Ravi Krishnan just might be the one to thank for the phone call that went through, the passenger jet that landed safely, or the stock sale executed without a hitch.
But the software engineer, who specializes in making the computer operating systems used in some stock exchanges, telecommunications networks, and air-traffic-control systems less likely to crash, is at the center of an exploding debate.
Should the US increase its reliance on immigrants like Mr. Krishnan to fuel its technology boom, and if not, what are the consequences? The emerging Information Age, while creating remarkable wealth and opportunity, is also generating new political and social tensions.
President Clinton said as much earlier this month while heralding a February unemployment rate that was the lowest in a quarter century. "The new economy is increasingly driven by creativity, innovation, and technology, with high-skill jobs growing at nearly three times the rate of other jobs.... The hunt for employees with high-tech skills is becoming more and more intense. There are hundreds of thousands of vacancies."
Filling those vacancies, in the short-term, is pitting the growing political strength of the technology sector against the traditional muscle of big labor, as well as groups opposed to increased immigration. And filling them in the long term is spurring new thinking among government, schools, and industry.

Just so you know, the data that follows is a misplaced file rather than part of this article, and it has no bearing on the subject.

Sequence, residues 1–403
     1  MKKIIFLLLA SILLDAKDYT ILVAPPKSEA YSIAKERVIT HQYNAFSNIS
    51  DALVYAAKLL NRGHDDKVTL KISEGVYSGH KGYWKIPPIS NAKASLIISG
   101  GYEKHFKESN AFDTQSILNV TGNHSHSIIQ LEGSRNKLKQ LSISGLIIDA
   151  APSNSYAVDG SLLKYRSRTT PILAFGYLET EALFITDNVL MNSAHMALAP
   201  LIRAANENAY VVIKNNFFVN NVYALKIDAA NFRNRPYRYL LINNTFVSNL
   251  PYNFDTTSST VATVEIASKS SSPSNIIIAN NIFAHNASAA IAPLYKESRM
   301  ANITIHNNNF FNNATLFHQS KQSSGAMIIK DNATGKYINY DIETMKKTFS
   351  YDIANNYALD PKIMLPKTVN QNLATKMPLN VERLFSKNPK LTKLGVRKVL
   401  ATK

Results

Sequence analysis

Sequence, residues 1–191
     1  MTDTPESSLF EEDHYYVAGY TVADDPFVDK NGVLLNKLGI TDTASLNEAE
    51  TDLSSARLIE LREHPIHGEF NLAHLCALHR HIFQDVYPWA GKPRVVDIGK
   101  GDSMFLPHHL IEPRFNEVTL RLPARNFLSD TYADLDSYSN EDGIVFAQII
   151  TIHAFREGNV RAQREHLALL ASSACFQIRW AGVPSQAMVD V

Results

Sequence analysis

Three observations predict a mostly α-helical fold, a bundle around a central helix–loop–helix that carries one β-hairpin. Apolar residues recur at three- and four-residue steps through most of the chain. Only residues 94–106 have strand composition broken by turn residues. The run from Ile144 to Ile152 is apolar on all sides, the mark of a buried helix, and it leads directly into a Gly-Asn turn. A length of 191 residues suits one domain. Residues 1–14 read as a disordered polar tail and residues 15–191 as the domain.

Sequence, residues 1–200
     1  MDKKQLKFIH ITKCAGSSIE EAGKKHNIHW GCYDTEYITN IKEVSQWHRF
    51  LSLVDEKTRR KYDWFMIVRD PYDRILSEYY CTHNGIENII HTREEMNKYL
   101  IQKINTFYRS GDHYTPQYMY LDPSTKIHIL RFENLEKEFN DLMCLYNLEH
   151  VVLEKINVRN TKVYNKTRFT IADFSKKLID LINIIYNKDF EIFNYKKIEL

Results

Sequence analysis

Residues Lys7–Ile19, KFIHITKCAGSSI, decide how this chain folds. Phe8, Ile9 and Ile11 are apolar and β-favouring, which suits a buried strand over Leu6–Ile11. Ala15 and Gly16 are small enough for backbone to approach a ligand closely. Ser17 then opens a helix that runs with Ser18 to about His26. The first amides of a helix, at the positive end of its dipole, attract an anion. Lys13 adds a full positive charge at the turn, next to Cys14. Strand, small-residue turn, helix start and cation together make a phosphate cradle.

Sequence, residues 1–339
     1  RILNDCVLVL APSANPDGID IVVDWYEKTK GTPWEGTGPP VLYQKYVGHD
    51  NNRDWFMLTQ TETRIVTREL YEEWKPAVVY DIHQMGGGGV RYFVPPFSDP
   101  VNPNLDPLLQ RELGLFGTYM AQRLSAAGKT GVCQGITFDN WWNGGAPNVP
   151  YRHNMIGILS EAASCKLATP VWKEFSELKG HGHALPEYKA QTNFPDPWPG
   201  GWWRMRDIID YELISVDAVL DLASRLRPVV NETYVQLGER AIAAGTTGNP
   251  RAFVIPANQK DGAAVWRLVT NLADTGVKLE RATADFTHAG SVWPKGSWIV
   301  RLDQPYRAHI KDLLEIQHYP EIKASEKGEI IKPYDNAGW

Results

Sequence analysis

The Commerce Department predicts a demand for more than 1 million new information-technology workers during the next decade. That's stacked on top of nearly 350,000 current openings in the field, according to the Information Technology Association of America (ITAA), based in Arlington, Va..
A necessary quick fix?
The immediate flash point is a legislative effort to fill the top-end jobs by expanding a program that permits 65,000 immigrants each year under H-1B visas. (H-1B visas cover specialized occupations such as software engineers and athletes.) A bill sponsored by Sen. Spencer Abraham (R) of Michigan would expand the visa limit to about 90,000 and also remove some professions from the main category, thereby increasing the potential number for the technology sector.
For Silicon Valley and the technology industry in general, a higher limit is the top work-force issue of the year and in some respects, a test of the industry's emerging political strength.
It's also a sign to some that technology and the Washington establishment are only now beginning to understand one another. Wade Randlett, an organizer of a monthly round table with technology leaders and Vice President Al Gore, says: "The H1-B visa is not one of the things we'd even be discussing if we'd been talking the way we should [have] a year ago."
The culture clash between the technology industry, which is used to moving at warp speed, and more-seasoned power players like labor is evident. Jack Golodner, president of the Department for Professional Employees of the AFL-CIO, says the whole issue deserves more time and thought. "It's badly thought out. It's being done in a panic."